Since I began my column with Tire Review back in 2010, I’ve been fortunate enough to attend a lot of automotive industry events. I’ve been present at and, more often than not, also a presenter at everything from tire and automotive state associations to the large tire manufacturer annual conferences..
Of all those events, the Specialty Equipment Manufacturers Association (SEMA) Show in Las Vegas is right at the top for me. For any true auto enthusiast like yours truly, the SEMA Show is a true kid-in-a-candy-store affair. I just can’t get enough of all the cool custom cars and trucks and all the specialty equipment that the aftermarket offers to support and/or enhance anything with wheels and a motor.
Although SEMA is not open to the public, every year it attracts an absolutely huge crowd of automotive industry insiders. While at the show this November, I did something I had not done in the past. I sat down (rare at the show) and thought about what was really going on there, behind and between all the drama and commotion, as it relates to your business sales, customer service, and success in general.
While my findings apply to the typical trade show you’re likely to attend, they were certainly magnified at SEMA.
My Top 4 Sales Lessons from the 2016 SEMA Show
1. Always Be Learning
There’s no sense attending any trade show if you’re not interested in learning something new and, in fact, many tire business owners I spoke with at SEMA attended for the primary purpose of finding equipment, technology and/or knowledge to make their business more successful.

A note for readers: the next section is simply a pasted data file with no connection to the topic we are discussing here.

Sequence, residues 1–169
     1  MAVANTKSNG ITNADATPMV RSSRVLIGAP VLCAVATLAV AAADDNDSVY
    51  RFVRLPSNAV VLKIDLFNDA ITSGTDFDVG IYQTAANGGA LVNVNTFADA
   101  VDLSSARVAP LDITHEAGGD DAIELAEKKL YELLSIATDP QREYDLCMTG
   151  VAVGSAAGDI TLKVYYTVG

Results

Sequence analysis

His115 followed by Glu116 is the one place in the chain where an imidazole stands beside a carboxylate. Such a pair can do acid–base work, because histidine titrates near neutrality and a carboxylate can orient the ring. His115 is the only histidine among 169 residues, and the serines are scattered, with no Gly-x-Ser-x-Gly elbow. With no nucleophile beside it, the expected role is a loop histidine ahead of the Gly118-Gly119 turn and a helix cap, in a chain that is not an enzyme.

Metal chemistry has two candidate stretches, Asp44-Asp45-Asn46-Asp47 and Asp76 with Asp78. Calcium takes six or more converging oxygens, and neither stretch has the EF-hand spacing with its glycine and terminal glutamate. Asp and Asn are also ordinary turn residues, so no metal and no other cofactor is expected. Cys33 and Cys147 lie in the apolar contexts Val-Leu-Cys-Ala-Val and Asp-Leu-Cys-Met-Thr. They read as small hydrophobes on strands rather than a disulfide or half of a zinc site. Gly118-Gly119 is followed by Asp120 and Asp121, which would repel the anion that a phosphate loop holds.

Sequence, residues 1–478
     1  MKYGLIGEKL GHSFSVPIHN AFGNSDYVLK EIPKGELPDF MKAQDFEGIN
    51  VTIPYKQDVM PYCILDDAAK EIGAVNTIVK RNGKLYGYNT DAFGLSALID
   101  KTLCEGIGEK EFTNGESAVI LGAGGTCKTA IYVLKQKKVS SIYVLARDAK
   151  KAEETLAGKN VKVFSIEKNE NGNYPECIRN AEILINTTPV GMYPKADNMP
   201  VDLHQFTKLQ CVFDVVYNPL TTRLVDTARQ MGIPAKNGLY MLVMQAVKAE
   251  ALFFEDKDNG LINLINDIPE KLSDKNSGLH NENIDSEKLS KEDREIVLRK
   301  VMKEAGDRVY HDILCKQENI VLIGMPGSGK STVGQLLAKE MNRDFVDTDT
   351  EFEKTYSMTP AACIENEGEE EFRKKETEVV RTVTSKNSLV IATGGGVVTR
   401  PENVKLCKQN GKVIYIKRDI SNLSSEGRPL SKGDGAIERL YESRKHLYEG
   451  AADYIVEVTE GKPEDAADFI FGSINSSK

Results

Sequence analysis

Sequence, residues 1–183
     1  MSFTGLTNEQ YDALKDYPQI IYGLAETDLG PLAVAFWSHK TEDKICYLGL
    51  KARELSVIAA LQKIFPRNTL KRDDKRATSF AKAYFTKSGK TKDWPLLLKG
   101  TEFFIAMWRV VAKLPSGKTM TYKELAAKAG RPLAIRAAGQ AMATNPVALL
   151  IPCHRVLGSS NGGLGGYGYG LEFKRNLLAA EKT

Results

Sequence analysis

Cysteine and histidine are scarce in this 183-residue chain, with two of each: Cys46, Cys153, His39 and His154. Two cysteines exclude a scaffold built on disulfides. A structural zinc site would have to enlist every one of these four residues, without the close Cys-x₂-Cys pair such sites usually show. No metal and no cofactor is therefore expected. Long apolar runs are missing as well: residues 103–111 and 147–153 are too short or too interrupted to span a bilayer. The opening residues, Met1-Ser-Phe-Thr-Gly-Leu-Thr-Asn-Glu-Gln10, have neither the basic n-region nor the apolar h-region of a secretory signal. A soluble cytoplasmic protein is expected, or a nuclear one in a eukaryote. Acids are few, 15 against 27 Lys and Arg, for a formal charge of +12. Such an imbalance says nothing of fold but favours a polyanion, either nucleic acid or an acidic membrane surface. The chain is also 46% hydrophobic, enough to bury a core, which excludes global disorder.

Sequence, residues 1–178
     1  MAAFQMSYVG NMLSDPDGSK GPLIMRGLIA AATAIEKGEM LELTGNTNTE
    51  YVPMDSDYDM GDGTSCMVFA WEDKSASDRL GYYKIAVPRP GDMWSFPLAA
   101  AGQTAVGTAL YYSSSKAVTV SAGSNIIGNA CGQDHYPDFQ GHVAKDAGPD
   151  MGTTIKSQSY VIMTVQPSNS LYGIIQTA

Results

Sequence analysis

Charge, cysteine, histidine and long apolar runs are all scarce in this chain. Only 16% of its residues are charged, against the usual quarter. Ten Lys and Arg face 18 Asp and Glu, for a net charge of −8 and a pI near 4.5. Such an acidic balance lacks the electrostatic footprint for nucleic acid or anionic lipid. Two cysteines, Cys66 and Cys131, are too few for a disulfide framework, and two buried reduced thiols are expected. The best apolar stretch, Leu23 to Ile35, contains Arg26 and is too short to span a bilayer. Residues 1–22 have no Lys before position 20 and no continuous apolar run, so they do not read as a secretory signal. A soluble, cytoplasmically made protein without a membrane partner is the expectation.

The reality is you can’t learn anything if you already know everything. Know-it-all types aren’t particularly interested in moving forward and growing, contending that if they don’t know it by now then they never will. Obviously this is not the most favorable attitude when attending any trade show or when it comes to learning anything. High-achievers maintain an open mind and proactively seek out new learning opportunities and ideas that can help them further their skill set and performance.
Since your business is only as strong as the people that support it, there’s a direct correlation between the success of the business and whether or not your employees are striving to learn and grow. While conceptually that makes sense to most business owners, the sad reality is most tire businesses are so busy managing daily activity they simply do not devote the required time to learn anything more than what is absolutely necessary to maintain operations. This results in employees who learn just enough to meet their job descriptions and, ultimately, fall short of achieving excellence. An “Always Be Learning” culture provides a competitive advantage and is a main driver that elevates truly great businesses above and beyond all those average organizations that settle for the status-quo. As the leader of your organization, it is your job to create and cultivate this.
2. Prepare In Advance
It’s safe to say that every exhibitor’s primary objective while attending SEMA is to sell more products. It’s also safe to say that selling more of your products and services is a primary objective of your tire business.
Walking the 22 or so miles around the Las Vegas Convention Center during my three days at SEMA, I met two types of attendees: those who had properly prepared, and those who did not prepare much at all.
Those who properly prepared had made appointments with potential customers to meet with them in advance. They were proactive and productive. Those who did not prepare typically hung out at their booth hoping potential customers would visit them. They were reactive and relatively unproductive with their time.
It can be similar to your tire business. You meet a lot of strangers. I agree with Will Rogers who said, “A stranger is just a friend I haven’t met yet.” To be successful, you must turn these strangers into friends. In business terms, that means connecting with potential customers and turning these prospects into business.